This week I went to the Apartment Owners Association trade show and networking event. Lot of older rich landlords and tons of vendors for everything your land-lording heart could desire. There were engineering company's, eviction services, Coin-op washer/dryer purchases and leases etc, the full gamut.
One of the vendors, a licensed tax preparer, captivated us all with her seminar entitled "you can write off almost anything". Needless to say the hosting room was nearly full with every type of REI participant. Much of what she said is common knowledge for in us REI and we already know; however, something she said gave me a little twitch.
She said, you, as an RE investor, need a business other than your property as your business. Insomuch as, the business of land-lording cannot be your only business.
I thought this to be a critical nugget that many RE investors might miss. She went on to say that whatever the business, it needs to be linked to income, which can be tied back to your RE endeavors. So, property management, construction, etc, and related expenses can be written off on your taxes; another nugget.
In order for the IRS to recognize you as being in business your need to have the ability to link money to a source\an activity and once that is accomplished you can begin to write off expenses that are ordinary and required for your business.
Now, I'm sure i am butchering the quote, but I think the just of it has been conveyed.
Now, my question is, if my first business is land-lording and my 2nd business is, lets say flipping, or wholesaling, do I need to have separate everything; i.e. bank accounts, corps etc, following her logic, to apply her interpretation of the tax code correctly? Of course the best person and most qualified to answer the question would be the person who said it but, it was no way I was fighting the mob of ppl rushing to talk to her.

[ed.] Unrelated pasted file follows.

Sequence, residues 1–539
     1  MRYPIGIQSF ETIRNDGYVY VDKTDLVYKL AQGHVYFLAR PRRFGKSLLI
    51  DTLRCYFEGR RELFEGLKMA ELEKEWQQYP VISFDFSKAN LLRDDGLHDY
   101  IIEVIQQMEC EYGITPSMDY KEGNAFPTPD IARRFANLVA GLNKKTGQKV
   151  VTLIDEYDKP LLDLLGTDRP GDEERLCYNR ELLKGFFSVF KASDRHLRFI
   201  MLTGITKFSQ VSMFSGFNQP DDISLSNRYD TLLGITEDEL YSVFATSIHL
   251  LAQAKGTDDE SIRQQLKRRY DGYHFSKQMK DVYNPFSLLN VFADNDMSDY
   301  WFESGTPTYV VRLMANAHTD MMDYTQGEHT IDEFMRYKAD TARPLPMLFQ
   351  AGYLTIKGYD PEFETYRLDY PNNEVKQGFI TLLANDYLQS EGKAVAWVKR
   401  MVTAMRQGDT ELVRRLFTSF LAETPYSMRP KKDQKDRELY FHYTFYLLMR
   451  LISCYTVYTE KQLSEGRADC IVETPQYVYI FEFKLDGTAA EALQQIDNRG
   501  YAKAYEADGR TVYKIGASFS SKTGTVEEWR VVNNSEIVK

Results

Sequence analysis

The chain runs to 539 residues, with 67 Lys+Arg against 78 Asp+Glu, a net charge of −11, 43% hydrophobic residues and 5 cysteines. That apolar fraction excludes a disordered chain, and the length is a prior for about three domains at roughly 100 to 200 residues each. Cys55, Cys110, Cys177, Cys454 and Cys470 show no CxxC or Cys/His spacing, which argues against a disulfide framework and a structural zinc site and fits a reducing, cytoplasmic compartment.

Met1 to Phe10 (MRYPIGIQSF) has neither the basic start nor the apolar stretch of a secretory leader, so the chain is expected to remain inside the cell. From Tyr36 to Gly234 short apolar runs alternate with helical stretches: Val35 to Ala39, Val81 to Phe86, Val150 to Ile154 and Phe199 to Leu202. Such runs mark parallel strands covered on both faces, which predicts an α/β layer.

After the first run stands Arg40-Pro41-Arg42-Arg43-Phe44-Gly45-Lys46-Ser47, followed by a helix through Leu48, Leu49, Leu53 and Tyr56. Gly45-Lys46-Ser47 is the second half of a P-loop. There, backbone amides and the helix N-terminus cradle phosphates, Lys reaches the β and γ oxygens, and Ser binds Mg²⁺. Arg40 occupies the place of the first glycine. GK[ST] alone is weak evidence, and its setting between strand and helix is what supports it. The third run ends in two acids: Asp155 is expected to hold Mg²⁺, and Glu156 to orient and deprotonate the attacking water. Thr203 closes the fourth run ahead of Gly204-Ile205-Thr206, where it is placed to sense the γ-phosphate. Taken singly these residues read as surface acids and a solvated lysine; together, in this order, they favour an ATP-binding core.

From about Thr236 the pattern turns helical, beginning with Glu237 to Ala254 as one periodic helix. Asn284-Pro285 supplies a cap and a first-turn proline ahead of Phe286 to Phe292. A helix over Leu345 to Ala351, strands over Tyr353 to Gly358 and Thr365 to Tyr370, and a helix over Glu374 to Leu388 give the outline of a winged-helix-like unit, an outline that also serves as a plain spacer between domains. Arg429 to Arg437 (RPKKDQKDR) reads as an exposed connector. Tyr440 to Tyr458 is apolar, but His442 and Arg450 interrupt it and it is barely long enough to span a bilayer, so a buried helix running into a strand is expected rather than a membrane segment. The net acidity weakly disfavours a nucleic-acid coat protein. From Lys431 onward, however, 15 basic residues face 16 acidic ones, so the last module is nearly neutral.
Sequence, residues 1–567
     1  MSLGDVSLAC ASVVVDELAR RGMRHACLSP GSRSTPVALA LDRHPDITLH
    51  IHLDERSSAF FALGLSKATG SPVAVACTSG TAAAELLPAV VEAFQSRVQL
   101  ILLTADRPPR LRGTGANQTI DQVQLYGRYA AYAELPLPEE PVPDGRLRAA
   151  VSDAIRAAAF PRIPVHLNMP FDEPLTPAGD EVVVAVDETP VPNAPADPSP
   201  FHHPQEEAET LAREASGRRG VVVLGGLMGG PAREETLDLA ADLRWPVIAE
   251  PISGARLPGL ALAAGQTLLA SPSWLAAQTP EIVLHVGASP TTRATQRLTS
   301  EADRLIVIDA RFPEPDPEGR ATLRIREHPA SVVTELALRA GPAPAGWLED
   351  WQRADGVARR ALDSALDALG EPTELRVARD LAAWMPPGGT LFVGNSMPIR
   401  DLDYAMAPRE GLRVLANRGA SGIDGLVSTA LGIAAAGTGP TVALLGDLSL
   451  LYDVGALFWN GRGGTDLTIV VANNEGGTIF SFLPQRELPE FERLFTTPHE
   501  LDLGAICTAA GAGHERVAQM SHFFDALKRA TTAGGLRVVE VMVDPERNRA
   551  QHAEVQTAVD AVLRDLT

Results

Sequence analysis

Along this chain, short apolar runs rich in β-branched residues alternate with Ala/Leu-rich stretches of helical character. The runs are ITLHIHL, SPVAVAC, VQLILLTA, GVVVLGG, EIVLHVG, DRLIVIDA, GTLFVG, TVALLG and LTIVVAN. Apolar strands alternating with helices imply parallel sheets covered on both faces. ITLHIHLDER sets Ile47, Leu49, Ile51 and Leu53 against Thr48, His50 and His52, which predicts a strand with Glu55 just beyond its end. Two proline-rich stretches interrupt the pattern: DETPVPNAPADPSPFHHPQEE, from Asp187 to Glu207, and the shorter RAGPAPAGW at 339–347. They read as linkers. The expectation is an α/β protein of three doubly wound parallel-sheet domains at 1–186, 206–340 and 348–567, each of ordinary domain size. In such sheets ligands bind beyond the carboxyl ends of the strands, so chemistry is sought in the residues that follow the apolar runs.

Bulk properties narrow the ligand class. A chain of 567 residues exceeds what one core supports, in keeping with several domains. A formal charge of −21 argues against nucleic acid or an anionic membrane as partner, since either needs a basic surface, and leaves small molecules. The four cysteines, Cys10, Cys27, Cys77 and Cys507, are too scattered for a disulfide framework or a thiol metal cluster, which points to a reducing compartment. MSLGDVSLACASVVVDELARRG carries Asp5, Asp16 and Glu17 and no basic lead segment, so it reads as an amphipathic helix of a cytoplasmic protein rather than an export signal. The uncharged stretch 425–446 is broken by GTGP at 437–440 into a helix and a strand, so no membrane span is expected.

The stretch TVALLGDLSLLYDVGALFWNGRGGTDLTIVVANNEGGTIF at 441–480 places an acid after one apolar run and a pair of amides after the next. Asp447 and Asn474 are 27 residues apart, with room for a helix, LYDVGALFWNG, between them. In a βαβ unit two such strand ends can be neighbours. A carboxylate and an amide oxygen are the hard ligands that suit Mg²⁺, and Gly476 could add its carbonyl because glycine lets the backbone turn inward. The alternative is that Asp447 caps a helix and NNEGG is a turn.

I would set up a separate LLC for each entity you hold, with a separate bank account and tax return. In Utah, the renewal fee for an LLC is only $15 a year. I'm not sure what your State requires. Of course this is a better question for an attorney, but that is my opinion. In addition, when you get to multiple properties and mortgage notes, etc., you may consider a business that owns all of your LLCs, such as a family limited partnership. This FLP can further limit liability and can actually protect your equity in each property. It took me awhile to find the right people to work with in Utah. Good luck finding the same in your State.
Some years ago, I thought I could save big money on legal and accounting fees. I asked a bunch of very experienced RE investors some questions along the lines of what you are asking here. I summarized all their answers and pulled out the common "facts". I used these facts to create my corporate structure. I set up my LLC's and a trust and got my book keeper to keep the records. I felt great - I saved a ton on fees!!
Fast forward to filing time. I sent my accounts to my CPA with a note explaining what I had done with the book keeper. I was ready to accept his praise...."Paul, you are a genius, you don't need me, you are so smart and talented and gifted". Oh yes, I was excited!!
He sent me a 1-line response.